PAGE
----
Cash payments are simple, secure, efficient and anonymous and therefore popular with consumers. At the same time, these properties also make cash a focal point for potential illegal uses. An oft-voiced opinion in the public debate is that cash promotes the shadow economy and is used as a means of financing crime.
With these issues in mind, the Bundesbank has conducted a study on the extent of illicit cash use in Germany, in collaboration with Professor Friedrich Schneider of the Johannes Kepler University Linz. The study contains an overview of current economic research on the use of cash in the shadow economy as well as fresh empirical estimates by the authors. A panel econometric analysis looks at the impact of illicit cash use on cash lodgements at Bundesbank branches. The significance of illegal motives as drivers of the demand for small, medium and large denominations of banknotes from the Bundesbank and of domestic banknote demand is investigated using a time series econometric regression analysis.
Studies of the shadow economy are subject to an above average degree of uncertainty and all results should be interpreted with care.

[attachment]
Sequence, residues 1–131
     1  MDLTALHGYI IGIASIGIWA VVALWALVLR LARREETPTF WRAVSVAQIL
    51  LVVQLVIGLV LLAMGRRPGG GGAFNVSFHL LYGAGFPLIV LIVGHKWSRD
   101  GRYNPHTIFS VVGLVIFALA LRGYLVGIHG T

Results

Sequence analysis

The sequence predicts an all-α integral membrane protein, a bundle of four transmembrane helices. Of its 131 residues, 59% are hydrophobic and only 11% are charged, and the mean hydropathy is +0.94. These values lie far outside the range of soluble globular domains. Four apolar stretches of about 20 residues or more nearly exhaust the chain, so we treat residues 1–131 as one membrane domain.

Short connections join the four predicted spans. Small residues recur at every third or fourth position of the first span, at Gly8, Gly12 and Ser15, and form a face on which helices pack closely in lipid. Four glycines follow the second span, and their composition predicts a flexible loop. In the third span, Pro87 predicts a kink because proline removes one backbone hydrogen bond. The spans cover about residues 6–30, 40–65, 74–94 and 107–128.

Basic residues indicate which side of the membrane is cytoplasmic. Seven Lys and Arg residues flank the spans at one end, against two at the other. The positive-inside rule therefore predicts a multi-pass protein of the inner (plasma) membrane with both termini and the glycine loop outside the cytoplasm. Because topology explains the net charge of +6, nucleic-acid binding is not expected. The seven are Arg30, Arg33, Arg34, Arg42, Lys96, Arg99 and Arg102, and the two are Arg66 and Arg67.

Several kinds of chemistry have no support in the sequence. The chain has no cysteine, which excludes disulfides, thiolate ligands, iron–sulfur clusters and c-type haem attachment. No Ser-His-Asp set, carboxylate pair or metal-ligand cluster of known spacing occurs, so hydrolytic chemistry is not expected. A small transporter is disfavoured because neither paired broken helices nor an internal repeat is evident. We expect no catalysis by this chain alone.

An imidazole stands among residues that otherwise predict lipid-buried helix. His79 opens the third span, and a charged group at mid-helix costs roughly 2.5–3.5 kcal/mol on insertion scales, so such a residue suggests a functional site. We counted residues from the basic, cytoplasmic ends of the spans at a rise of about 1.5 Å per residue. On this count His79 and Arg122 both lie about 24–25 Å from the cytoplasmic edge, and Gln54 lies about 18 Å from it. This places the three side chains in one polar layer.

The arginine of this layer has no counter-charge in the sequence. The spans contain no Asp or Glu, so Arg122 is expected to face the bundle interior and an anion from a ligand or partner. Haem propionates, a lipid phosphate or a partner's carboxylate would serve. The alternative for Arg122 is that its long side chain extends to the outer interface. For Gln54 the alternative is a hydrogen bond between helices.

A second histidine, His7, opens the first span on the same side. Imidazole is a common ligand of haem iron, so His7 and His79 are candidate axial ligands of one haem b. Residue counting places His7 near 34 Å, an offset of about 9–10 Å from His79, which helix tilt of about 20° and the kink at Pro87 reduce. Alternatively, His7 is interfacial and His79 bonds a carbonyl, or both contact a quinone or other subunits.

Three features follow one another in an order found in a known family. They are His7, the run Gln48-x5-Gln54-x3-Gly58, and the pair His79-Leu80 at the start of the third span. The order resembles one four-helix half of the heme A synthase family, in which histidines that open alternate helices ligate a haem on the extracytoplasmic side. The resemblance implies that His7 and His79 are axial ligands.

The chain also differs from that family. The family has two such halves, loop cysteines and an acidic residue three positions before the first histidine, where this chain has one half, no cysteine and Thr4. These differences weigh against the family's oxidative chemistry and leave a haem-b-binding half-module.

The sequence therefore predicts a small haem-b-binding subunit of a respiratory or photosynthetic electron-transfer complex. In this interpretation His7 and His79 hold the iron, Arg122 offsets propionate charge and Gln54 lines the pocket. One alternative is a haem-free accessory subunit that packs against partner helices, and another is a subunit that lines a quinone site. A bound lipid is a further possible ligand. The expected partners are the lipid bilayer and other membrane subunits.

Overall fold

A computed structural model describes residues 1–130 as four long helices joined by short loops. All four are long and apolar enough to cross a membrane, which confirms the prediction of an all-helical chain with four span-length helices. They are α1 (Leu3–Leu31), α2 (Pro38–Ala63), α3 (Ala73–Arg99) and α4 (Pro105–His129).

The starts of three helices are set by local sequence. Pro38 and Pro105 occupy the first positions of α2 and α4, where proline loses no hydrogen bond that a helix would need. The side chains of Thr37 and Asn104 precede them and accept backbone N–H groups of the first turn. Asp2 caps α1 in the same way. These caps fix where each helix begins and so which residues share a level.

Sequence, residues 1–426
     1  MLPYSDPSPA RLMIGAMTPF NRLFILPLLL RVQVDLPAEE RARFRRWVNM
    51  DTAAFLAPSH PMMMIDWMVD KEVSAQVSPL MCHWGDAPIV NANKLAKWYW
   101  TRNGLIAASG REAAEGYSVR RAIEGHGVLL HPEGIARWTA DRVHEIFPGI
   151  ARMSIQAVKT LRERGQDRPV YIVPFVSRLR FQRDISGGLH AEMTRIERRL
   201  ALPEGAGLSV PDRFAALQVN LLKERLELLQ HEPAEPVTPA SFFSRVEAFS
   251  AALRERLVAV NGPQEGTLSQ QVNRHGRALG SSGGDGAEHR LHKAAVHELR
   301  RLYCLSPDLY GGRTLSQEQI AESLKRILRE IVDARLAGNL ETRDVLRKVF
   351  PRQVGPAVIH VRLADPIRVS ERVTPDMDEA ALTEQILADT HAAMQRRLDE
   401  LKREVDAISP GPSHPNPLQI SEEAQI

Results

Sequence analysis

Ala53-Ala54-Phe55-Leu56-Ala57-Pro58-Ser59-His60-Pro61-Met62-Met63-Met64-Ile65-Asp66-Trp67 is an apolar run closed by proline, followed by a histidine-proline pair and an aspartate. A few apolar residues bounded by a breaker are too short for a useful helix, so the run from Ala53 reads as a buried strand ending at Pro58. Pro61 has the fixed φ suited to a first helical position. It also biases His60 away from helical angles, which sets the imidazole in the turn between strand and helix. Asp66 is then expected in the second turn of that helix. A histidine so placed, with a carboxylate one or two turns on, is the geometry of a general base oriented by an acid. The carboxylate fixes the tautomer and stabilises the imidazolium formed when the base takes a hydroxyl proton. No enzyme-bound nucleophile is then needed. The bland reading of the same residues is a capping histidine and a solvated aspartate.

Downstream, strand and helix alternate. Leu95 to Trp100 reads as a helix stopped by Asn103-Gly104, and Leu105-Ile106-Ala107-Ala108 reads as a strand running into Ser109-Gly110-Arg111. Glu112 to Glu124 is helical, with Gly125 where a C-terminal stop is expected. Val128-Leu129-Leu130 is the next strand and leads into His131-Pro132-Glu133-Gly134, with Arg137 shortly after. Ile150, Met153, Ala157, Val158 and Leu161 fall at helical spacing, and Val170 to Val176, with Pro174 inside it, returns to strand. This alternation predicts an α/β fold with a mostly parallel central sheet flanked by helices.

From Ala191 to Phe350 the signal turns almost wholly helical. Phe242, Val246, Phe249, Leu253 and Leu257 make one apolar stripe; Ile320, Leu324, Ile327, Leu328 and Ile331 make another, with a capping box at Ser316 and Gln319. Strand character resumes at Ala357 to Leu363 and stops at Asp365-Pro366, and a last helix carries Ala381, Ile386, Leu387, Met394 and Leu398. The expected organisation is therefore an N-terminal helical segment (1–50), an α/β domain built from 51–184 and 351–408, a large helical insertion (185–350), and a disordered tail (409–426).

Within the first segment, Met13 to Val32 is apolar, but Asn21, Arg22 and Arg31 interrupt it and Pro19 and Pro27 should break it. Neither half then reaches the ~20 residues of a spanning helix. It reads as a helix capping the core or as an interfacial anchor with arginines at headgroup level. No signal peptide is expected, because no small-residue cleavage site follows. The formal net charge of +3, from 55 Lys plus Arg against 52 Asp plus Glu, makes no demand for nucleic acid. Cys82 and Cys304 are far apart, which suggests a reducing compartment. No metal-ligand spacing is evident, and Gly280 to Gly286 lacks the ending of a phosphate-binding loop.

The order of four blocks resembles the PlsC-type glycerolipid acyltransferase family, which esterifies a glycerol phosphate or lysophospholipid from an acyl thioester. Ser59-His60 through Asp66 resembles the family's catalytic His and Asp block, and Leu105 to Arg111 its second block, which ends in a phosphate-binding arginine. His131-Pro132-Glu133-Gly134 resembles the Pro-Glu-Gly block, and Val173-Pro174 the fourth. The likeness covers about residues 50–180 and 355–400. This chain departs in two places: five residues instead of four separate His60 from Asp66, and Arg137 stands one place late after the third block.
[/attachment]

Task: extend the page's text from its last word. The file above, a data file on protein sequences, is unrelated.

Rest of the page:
The study concludes that direct references to the volume of banknote circulation or the circulation of large-denomination banknotes are not suitable for analysing the demand for cash in the shadow economy. The results from the authors’ empirical studies are mixed: shadow economic influences can only be proven for some of the alternative proxy variables used for the shadow economy. As a general rule, the illegal nature of such activities means that it is very difficult to provide hard research-based evidence about the scale of the cash demand resulting from the shadow economy and criminal activity. Empirical studies of the shadow economy are therefore fraught with above-average uncertainty, meaning that all results should be interpreted with caution.